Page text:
Multiple command lines may be concatenated in a single directive by separating them with semicolons (these semicolons must be passed as separate words). Lone semicolons may be escaped as "\;".

Each command line is unquoted using the rules described in "Quoting" section in systemd.syntax(7). The first item becomes the command to execute, and the subsequent items the arguments.

This syntax is inspired by shell syntax, but only the meta-characters and expansions described in the following paragraphs are understood, and the expansion of variables is different. Specifically, redirection using "<", "<<", ">", and ">>", pipes using "|", running programs in the background using "&", and other elements of shell syntax are not supported.

The command to execute may contain spaces, but control characters are not allowed.

The command line accepts "%" specifiers as described in systemd.unit(5).

Basic environment variable substitution is supported. Use "${FOO}" as part of a word, or as a word of its own, on the command line, in which case it will be erased and replaced by the exact value of the environment variable (if any) including all whitespace it contains, always resulting in exactly a single argument. Use "$FOO" as a separate word on the command line, in which case it will be replaced by the value of the environment variable split at whitespace, resulting in zero or more arguments. For this type of expansion, quotes are respected when splitting into words, and afterwards removed.

If the command is not a full (absolute) path, it will be resolved to a full path using a fixed search path determined at compilation time. Searched directories include /usr/local/bin/, /usr/bin/, /bin/ on systems using split /usr/bin/ and /bin/ directories, and their sbin/ counterparts on systems using split bin/ and sbin/. It is thus safe to use just the executable name in case of executables located in any of the "standard" directories, and an absolute path must be used in other cases. Using an absolute path is recommended to avoid ambiguity. Hint: this search path may be queried using systemd-path search-binaries-default.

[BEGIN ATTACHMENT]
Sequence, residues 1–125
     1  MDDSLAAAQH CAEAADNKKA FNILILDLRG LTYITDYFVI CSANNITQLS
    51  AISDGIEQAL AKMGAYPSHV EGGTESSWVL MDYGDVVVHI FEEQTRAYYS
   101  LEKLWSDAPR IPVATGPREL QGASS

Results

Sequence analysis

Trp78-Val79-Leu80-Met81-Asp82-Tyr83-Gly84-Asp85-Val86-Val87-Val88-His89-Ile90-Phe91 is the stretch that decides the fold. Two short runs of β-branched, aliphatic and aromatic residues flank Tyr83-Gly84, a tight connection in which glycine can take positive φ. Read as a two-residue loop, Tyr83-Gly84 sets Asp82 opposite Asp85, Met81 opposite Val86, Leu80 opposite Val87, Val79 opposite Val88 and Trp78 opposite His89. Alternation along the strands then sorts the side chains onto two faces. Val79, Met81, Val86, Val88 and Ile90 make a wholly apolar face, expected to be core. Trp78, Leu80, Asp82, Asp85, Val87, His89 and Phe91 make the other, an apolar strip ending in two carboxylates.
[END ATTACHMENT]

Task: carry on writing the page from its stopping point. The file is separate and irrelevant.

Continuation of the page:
Environment="ONE=one" 'TWO=two two'
ExecStart=echo $ONE $TWO ${TWO}

This will execute /bin/echo with four arguments: "one", "two", "two", and "two two".


Environment=ONE='one' "TWO='two two' too" THREE=
ExecStart=/bin/echo ${ONE} ${TWO} ${THREE}
ExecStart=/bin/echo $ONE $TWO $THREE

This results in /bin/echo being called twice, the first time with arguments "'one'", "'two two' too", "", and the second time with arguments "one", "two two", "too".

To pass a literal dollar sign, use "$$". Variables whose value is not known at expansion time are treated as empty strings. Note that the first argument (i.e. the program to execute) may not be a variable.

Variables to be used in this fashion may be defined through Environment= and EnvironmentFile=. In addition, variables listed in the section "Environment variables in spawned processes" in systemd.exec(5), which are considered "static configuration", may be used (this includes e.g. $USER, but not $TERM).

Note that shell command lines are not directly supported. If shell command lines are to be used, they need to be passed explicitly to a shell implementation of some kind. Example:

ExecStart=sh -c 'dmesg | tac'


ExecStart=echo one ; echo "two two"

This will execute echo two times, each time with one argument: "one" and "two two", respectively. Because two commands are specified, Type=oneshot must be used.